Gov. Kim Reynolds speaks during her first news conference since the state surpassed one million administered doses of the COVID-19 vaccine, Wednesday, March 17, 2021, in Johnston, a suburb of Des Moines, Iowa. Reynolds said Wednesday that all Iowa residents will be eligible for coronavirus vaccinations on April 5 as long as supply projections are met. (Olivia Sun/The Des Moines Register via AP)

JOHNSTON, Iowa (AP) — Facing an uptick in new coronavirus cases and a hesitancy among a significant portion of the population to get the vaccine, Iowa Gov. Kim Reynolds on Wednesday continued her push to persuade Iowans that getting a shot will help return life to normal.

In early March, hospitalizations of people infected with the virus had dropped as low as low as 161 but began edging up again mid-month and have been around 200 in recent days. The seven-day percentage of positive tests had been well below 5% for much of the month but reached 5% again on Tuesday and has been hovering just below that level.

State health data shows 555 new confirmed positive cases in the past 24 hours and no additional deaths reported.

A recent survey conducted by the U.S. Census Bureau indicates 45.5% of the nearly 1.5 million Iowa adults who have not yet been vaccinated say they definitely will get a shot when they’re eligible. That leaves about 800,000 adults who will not commit to a vaccination, roughly 36% of the total adult Iowa population.

Reynolds sidestepped a question at her Wednesday press conference about why she believes so many Iowans are hesitant to get the vaccine. Instead, she answered that in visits to clinics, she sees many people eager to get a shot.

“The response that I see from Iowans that are there getting the vaccine, there is a pep in their step. They are so grateful to have it. They are excited to reconnect with family members. They really believe that this is an opportunity to get things back to normal,” she said.

Iowa Department of Public Health Director Kelly Garcia said one-third of the reported virus activity over the past week has been among Iowans between the ages of 18 and 29.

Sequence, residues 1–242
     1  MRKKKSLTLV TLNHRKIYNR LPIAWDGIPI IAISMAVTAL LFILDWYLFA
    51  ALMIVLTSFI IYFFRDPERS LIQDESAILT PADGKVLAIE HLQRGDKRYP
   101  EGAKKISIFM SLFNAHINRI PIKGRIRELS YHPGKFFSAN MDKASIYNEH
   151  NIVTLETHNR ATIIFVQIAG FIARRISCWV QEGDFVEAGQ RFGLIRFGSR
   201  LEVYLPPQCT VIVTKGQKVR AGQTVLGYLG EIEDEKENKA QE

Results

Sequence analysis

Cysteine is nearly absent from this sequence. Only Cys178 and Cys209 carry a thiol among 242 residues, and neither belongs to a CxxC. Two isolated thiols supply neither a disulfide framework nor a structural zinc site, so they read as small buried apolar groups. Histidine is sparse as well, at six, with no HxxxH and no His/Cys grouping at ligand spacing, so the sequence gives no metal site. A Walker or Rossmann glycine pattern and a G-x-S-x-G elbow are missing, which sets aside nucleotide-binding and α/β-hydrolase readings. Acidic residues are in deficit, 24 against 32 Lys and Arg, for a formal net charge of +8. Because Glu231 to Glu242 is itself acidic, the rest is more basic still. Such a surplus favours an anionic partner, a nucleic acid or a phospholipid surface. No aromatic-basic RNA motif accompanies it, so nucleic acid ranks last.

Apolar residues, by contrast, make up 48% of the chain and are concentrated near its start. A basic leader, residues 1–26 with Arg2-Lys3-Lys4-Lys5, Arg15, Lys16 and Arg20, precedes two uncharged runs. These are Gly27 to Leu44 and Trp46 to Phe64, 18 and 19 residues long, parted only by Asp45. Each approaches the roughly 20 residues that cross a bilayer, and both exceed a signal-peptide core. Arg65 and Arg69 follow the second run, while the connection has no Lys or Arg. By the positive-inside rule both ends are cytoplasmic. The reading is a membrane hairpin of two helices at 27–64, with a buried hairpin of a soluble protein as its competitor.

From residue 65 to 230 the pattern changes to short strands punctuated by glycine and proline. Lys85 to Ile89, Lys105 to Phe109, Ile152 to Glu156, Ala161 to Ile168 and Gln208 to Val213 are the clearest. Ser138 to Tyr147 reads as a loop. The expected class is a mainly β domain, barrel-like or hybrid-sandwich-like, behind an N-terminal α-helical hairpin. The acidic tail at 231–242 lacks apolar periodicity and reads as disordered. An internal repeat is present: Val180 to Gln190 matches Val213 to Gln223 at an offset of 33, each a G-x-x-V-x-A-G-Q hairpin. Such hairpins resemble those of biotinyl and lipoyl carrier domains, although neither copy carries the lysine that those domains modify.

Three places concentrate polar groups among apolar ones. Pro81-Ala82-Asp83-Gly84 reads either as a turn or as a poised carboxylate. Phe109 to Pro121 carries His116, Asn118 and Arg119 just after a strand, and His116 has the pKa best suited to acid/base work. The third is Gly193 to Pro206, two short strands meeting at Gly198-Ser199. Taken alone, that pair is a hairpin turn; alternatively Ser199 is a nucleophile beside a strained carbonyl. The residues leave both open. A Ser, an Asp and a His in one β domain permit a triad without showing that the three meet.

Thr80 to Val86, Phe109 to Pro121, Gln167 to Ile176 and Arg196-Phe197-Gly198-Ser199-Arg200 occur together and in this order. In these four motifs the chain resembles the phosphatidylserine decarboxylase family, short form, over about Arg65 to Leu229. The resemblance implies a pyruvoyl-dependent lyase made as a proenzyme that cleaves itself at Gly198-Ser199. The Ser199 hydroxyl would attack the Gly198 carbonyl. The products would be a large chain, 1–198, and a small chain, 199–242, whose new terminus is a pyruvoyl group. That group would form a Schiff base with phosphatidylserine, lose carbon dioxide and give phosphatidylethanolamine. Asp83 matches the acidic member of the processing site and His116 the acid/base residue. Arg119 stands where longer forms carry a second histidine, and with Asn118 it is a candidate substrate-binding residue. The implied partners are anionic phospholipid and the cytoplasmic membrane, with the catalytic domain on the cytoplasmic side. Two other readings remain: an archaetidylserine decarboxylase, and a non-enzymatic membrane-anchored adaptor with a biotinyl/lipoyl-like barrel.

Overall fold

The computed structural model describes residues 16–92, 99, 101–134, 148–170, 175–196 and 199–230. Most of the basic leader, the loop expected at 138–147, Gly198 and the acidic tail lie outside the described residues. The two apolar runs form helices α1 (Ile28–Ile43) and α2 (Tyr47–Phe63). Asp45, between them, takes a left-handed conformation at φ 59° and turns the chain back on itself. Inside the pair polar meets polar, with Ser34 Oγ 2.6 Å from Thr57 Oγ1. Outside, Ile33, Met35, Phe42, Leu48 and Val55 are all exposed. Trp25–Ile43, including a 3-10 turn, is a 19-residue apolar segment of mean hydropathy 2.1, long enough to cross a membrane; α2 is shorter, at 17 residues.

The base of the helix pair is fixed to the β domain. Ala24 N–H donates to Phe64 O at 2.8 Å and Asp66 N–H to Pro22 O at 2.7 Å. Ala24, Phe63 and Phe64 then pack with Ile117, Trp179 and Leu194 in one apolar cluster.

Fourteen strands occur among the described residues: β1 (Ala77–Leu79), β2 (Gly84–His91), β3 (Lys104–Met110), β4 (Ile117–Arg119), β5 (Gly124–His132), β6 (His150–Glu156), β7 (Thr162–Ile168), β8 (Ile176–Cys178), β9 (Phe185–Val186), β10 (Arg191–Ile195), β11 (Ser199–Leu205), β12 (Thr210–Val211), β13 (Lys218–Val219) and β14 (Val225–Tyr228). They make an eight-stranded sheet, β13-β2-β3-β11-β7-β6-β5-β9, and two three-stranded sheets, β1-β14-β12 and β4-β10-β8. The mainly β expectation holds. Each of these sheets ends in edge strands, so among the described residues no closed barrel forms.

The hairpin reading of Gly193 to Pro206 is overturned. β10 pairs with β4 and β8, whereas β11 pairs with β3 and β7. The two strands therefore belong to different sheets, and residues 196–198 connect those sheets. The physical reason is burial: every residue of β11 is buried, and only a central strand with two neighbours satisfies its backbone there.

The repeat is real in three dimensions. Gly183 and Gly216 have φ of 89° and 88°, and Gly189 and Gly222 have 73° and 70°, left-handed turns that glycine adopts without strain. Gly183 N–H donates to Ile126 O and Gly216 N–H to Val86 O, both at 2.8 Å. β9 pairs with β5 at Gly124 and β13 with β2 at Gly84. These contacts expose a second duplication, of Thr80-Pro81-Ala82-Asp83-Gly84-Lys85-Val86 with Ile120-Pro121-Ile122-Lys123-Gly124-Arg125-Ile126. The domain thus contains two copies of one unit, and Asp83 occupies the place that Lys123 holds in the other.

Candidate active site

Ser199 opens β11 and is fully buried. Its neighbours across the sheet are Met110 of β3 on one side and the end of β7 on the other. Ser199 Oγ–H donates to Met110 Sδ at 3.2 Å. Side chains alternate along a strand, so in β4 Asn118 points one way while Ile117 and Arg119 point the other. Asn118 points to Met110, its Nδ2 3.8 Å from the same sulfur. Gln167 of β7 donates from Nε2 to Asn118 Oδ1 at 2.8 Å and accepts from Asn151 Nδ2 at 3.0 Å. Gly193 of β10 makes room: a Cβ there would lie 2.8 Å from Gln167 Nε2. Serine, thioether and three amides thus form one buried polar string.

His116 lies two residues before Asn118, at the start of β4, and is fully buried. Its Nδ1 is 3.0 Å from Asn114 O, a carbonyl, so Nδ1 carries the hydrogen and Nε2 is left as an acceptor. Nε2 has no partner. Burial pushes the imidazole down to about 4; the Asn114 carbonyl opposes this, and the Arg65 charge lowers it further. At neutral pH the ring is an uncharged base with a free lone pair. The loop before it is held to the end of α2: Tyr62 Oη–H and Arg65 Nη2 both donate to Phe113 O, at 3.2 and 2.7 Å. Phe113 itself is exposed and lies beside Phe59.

"A part of the increase in positive cases that we're seeing has to do with spring break travel and an increasing number of variants which are circulating in Iowa and across the nation and they are more contagious," she said.

Iowa is ranked eighth for the percentage of its population that is fully vaccinated, according to data from the U.S. Centers for Disease Control and Prevention. As of Wednesday, 603,000 Iowans have been fully vaccinated, about 19% of the state population,

Reynolds said the administration of President Joe Biden has promised to ramp up vaccine distribution to states, and Iowa is expected to get nearly 161,000 doses next week, the largest weekly supply so far.

That will enable the state to open up vaccination appointments broadly to all adults beginning Monday, although a few counties already have expanded their vaccination eligibility.

Reynold said the expanded vaccine allocation includes about 45,800 doses of the single-shot Johnson & Johnson vaccine, some of which will be used to vaccinate staff and students at three colleges that have said they're ready for mass vaccination clinics. They are Dordt College in Sioux Center, the University of Iowa and the Des Moines Area Community College.

A mass clinic also has been scheduled for downtown Des Moines for Saturday for Iowans 65 and older and those between age 16 and 64 with underlying health conditions.